The Aurora Seen from Space [PICS]



Image: via NASA

You’ve seen amazing images of the Aurora Borealis and its counterpart, the Aurora Australis here on Environmental Graffiti in the past, but now you have a chance to see them as never before: from space. If you think the view down on Earth is incredible beyond words, wait until you see what these natural light phenomena look like from the International Space Station and through the lens of the Hubble Telescope.

Aurorae are created when charged particles from the sun, called the solar wind, interact with the magnetic shield that surrounds our planet (and other planets as well). On Earth, this magnetic shield, called the magnetosphere, protects us from radiation by pushing the solar wind around it. Electromagnetic waves and electric fields are created, then transfer their energy into electrons that interact with oxygen and nitrogen to create the beautiful natural light display we know as Aurora.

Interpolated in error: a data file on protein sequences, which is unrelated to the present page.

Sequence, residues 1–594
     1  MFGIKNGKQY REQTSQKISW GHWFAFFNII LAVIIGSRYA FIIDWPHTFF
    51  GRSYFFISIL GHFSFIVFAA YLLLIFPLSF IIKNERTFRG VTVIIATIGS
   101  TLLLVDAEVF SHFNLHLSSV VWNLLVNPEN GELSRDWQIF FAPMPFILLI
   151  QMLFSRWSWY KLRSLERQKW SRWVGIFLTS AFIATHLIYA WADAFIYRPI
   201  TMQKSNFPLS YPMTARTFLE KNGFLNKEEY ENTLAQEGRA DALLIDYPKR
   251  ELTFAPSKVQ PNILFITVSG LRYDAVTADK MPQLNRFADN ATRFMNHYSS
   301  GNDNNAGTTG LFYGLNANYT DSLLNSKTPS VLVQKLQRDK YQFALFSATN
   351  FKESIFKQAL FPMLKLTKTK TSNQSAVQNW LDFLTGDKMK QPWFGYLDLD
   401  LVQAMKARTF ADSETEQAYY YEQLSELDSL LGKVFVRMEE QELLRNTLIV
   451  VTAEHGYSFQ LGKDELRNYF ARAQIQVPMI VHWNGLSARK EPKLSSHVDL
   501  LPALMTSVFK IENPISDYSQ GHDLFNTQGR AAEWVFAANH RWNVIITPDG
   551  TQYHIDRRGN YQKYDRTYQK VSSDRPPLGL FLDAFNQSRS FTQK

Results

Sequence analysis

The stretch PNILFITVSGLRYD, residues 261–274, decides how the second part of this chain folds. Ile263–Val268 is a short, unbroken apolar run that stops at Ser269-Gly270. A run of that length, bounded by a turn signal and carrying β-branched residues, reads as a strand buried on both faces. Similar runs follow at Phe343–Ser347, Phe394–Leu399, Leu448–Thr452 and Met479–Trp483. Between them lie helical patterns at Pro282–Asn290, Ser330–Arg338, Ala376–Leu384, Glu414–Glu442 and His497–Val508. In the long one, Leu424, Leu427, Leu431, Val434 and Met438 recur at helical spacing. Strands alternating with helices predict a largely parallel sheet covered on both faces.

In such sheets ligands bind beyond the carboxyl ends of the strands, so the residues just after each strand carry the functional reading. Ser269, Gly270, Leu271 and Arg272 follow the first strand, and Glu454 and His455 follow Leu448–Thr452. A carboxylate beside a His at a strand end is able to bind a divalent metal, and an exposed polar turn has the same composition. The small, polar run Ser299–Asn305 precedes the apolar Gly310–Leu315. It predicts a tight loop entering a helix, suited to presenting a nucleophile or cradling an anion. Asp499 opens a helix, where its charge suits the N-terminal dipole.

Image: via NASA

Beautiful Aurora Borealis

The Aurora Borealis was named by Pierre Gassendi in 1621 after Aurora, the Roman goddess of dawn, and Boreas, the Greek name for north wind. The Cree called it the “Dance of the Spirits.”

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